In an interview with the online culture magazine Adobe Airstream, (the same one in which he said we should "wean ourselves off automobiles") Denver Mayor John Hickenlooper touted the benefits of a business payroll earmark for art.
We've talked a lot in Denver about having one-tenth of one percent for art. So that every business spends one-tenth of one percent of their payroll, for art. It's, I mean, it's a small amount, but yet for most of these large businesses, it's a significant amount. But it means for, you know, if an employee is making, you know, one percent...If you're making $100,000, it would be $1,000, so one tenth would be 100 bucks. So if you're making $50,000 you'd be making $50 bucks. It doesn't sound like a lot, but you know, these companies that have ten- and thirteen-thousand employees, all of a sudden, they're spending thousands of dollars...Ten-, fifteen-, twenty-thousand dollars a year, buying art from local artists.
I'm calling it a payroll "earmark" rather than a payroll mandate because that's how it was described in this 2005 profile of Hickenlooper by Time magazine.
Hickenlooper dismisses one-tenth of one percent as a "small amount" (out of somebody's pocket) while also proclaiming it a "significant amount" for his type of cultural engineering. In fact, there already is a one-tenth of one percent SALES TAX in the seven-country Denver metro area to fund the Scientific & Cultural Facilities District, which annually distributes $40 million.
Hickenlooper, the Democratic nominee for governor of Colorado, sounds gleeful at the pot of money that could be generated by big companies for them to buy and install art in their workplaces. Maybe he hasn't noticed that, as reported in April by The Denver Post, "In the past year, the Denver area has gone from 11 Fortune 500 companies to eight -- and will fall to seven after the Qwest-CenturyTel merger is complete." Or that the Denver-Broomfield-Aurora area "lost 31,400 private-sector jobs" in the 12 months ending in April, according to The Denver Business Journal.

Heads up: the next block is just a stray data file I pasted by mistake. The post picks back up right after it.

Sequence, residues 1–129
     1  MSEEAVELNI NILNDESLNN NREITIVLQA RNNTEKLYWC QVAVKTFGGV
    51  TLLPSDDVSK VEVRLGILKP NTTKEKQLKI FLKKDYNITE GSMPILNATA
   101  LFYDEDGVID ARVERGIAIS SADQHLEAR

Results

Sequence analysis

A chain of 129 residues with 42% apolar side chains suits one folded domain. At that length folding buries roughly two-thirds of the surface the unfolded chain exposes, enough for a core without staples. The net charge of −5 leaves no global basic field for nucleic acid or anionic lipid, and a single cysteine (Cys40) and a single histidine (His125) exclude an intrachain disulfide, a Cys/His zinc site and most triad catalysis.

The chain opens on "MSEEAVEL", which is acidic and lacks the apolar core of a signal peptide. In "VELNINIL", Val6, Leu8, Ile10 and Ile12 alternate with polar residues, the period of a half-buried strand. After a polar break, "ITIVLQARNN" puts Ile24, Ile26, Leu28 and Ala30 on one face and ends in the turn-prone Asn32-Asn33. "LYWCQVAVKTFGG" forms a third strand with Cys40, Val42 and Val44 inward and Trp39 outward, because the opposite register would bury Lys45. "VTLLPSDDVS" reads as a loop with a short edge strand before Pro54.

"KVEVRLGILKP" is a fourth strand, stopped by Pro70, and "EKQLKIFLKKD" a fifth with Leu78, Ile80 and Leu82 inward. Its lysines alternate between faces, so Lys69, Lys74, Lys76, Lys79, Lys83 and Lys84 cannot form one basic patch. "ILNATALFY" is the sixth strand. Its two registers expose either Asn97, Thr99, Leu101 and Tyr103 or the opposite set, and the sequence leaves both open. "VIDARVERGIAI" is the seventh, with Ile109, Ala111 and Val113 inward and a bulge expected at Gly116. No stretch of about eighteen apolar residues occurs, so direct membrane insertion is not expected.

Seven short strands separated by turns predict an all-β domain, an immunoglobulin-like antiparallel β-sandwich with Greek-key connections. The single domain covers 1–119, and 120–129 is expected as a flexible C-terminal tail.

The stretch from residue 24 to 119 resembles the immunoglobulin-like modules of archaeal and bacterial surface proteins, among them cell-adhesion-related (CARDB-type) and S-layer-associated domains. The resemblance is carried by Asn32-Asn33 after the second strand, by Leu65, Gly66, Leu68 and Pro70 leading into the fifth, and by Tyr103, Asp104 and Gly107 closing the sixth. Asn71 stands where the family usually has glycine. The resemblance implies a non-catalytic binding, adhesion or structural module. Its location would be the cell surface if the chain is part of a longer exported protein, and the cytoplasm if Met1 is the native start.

Hickenlooper would like to boost the economy of the local arts community by directing the way that businesses spend their capital. But in the long run, businesses would either pay their employees one-tenth of one percent less than they would have otherwise, or would go without additional employees or expenditures that would have benefited a different sector of the economy. It's the same debate going on nationally about the federal government, which is picking winners and losers in the economy with bailouts, stimulus spending and 2,000-page regulatory traps.
Let me say it as simply as I can: THAT IS NOT GOVERNMENT'S ROLE.
Hickenlooper may view his arts plan as an economic stimulus. What we'd never see is the additional office assistant paid $30,000 a year, because employers would instead be figuring out how to pay for Hickenlooper's arts program - on top of everything else. That would-be office assistant is in the unemployment line.